One of my favorite things about JDOM is that 90% of the time, it works exactly like I expect it to work. I don’t have to look at the documentation because my best guess is almost always right. This is only sometimes true for SAX and almost never true for DOM. For example, suppose you wanted to create the JDOM representation of this element:
The simplest, most obvious solution I can imagine is this:
Element element = new Element("fibonacci");
Guess what? That’s exactly how you do create an element in JDOM. Compare that to the DOM approach:
DocumentBuilderFactory factory = DocumentBuilderFactory.newInstance(); DocumentBuilder builder = factory.newDocumentBuilder(); DOMImplementation impl = builder.getDOMImplementation(); Document doc = impl.createDocument( null, "Fibonacci_Numbers", null); Element element = doc.createElement("fibonacci");
I think any sane developer would agree that JDOM is simpler, at least for this initial example.
Now suppose you want to give the element some text content like this:
Here’s first thing that occurs to me:
Element element = new Element("fibonacci"); element.setText("8");
Guess what? That works. It is exactly how JDOM fills an element with text. Unlike DOM you don’t have to create any separate text nodes. JDOM does use a Text class internally, but you don’t need to know about that. You can just use strings.
Now suppose you want to add an attribute to the element like this:
The first thing that occurs to me is this:
Element element = new Element("fibonacci"); element.setText("8"); element.setAttribute("index", "6");
Once again, the most obvious solution is the correct solution. This is a running theme in JDOM. Try the simplest thing that could possibly work, and chances are it will work.
On the other hand, there are some limits to simplicity, mostly established by XML. JDOM strives to be as simple as it can be and no simpler. It does not hide the genuinely complex parts of XML. For instance, it faithfully reproduces all the complexity of XML namespaces, including the parts that have occasionally been labeled “psychotic”. For example, it allows the same prefix to map to different URIs in different parts of the document. This compares favorably with some other APIs (I’m thinking of ElectricXML here) that pretend XML is simpler than it really is. In general, if something is complex in JDOM, it’s because that same something is equally complex in XML.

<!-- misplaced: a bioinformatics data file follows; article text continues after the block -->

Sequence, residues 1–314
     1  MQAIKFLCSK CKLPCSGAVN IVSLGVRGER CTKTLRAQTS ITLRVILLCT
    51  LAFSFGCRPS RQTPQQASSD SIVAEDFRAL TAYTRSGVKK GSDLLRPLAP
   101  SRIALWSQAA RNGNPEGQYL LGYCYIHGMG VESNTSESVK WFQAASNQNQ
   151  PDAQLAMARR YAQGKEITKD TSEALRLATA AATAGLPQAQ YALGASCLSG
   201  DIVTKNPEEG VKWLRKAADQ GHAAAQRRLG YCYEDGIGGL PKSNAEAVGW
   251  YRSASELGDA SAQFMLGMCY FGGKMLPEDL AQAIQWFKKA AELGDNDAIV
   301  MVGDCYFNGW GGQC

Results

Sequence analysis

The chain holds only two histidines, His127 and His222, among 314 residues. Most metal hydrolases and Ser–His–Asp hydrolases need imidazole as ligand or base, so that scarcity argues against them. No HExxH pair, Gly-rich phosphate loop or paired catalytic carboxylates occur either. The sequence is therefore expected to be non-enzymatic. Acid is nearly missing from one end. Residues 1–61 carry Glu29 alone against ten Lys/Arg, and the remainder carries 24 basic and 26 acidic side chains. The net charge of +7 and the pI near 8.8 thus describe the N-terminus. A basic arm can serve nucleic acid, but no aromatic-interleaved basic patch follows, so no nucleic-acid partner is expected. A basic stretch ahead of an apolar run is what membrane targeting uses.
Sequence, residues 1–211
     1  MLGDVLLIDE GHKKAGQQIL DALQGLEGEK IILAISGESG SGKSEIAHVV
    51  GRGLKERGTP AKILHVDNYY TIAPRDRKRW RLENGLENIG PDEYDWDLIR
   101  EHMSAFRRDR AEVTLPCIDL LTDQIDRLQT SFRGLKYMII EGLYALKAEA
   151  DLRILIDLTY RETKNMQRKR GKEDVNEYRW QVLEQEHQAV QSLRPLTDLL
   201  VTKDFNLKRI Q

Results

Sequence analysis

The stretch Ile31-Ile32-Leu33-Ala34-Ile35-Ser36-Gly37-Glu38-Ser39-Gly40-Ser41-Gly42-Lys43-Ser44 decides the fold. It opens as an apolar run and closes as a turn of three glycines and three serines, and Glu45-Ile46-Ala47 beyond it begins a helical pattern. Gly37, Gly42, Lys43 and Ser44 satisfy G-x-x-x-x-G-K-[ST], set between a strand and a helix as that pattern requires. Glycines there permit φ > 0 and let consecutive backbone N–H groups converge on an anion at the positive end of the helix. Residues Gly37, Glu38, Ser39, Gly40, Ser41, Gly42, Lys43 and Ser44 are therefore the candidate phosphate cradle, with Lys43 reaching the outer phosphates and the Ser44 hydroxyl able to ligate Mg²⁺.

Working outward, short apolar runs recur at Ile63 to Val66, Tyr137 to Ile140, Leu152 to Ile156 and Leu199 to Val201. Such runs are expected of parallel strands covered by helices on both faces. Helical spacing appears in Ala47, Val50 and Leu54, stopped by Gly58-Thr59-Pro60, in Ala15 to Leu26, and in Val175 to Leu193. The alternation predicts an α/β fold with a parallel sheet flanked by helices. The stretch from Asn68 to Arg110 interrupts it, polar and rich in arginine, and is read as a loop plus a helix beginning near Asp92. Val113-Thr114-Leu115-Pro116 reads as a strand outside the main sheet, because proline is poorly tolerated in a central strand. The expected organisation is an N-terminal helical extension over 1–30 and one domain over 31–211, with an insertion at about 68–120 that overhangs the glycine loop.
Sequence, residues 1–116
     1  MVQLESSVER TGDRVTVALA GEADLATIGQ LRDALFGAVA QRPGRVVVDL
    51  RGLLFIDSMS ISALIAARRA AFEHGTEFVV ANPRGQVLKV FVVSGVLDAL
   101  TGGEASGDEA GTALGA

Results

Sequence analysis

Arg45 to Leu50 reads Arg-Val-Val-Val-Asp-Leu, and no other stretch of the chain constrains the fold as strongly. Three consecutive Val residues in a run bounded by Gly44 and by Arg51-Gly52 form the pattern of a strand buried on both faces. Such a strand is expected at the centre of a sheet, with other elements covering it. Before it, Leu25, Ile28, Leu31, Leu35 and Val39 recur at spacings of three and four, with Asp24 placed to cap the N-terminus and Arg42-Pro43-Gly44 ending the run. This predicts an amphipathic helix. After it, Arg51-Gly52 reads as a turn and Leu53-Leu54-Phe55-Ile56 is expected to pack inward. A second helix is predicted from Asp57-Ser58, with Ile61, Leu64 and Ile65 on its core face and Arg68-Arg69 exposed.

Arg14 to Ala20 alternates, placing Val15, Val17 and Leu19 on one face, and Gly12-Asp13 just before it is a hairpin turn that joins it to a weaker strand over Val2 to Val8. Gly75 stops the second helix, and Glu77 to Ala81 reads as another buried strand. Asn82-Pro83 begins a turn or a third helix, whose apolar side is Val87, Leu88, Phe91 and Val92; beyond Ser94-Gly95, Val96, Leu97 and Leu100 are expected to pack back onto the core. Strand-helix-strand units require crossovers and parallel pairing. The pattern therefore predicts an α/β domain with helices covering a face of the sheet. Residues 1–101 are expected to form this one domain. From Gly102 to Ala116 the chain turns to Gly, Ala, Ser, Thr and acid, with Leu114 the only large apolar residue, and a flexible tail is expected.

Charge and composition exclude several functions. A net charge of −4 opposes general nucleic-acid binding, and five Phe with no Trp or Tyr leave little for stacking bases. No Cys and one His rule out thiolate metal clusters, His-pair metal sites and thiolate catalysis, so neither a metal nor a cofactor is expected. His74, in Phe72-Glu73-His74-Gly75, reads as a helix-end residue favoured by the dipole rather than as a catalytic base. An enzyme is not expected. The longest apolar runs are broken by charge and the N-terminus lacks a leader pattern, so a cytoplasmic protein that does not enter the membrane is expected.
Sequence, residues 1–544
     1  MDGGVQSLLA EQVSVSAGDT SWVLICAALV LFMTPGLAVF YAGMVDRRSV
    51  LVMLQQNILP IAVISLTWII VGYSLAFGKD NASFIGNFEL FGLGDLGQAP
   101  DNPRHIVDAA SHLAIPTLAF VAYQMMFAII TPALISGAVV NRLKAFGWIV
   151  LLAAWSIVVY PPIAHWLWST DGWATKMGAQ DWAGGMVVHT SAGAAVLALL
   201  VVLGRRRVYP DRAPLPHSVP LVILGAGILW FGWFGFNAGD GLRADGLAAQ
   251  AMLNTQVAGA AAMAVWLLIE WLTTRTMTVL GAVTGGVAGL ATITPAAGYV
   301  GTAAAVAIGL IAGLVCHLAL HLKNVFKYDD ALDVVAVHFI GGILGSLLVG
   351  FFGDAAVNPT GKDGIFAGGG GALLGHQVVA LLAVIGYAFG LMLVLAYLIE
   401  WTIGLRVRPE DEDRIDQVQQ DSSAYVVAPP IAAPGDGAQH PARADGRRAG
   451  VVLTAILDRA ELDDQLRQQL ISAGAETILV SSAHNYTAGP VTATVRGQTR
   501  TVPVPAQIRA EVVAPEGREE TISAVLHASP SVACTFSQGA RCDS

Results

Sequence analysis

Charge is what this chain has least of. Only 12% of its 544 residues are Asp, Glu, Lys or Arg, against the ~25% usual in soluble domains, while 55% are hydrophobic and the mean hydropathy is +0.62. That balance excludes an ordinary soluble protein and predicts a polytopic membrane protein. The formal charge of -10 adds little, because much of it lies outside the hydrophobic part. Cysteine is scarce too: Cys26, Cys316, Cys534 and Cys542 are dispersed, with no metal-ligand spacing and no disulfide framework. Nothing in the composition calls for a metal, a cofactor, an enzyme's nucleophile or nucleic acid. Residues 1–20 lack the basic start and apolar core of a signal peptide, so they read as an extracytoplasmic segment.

Of course many elements contain child elements, comments, processing instructions, and other things besides pure text. In this case you can attach them by calling the addContent() method. For example, suppose you want to create this element:
<sequence> <number>3</number> <number>5</number> </sequence>
First you need to create three Element objects, two for number elements and one for the sequence element. Then you need to add the number elements to the sequence element in the order you want them to appear. For example,
Element element = new Element("sequence"); Element firstNumber = new Element("number"); Element secondNumber = new Element("number"); firstNumber.setText("3"); secondNumber.setText("5"); element.addContent(firstNumber); element.addContent(secondNumber);
Actually I’ve cheated a bit here. What this really produces is this element:
White space is significant in XML and thus significant in JDOM. If you want the nicely indented element, you also need to add some strings containing the appropriate white space like this:
Element element = new Element("sequence"); Element firstNumber = new Element("number"); Element secondNumber = new Element("number"); firstNumber.setText("3"); secondNumber.setText("5"); element.addContent("\n "); element.addContent(firstNumber); element.addContent("\n "); element.addContent(secondNumber); element.addContent("\n");
If you only care about the extra white space when the document is serialized, you can ask an XMLOutputter to insert it for you. I’ll cover this soon.
|Copyright 2001, 2002 Elliotte Rusty Haroldfirstname.lastname@example.org||Last Modified June 04, 2002|
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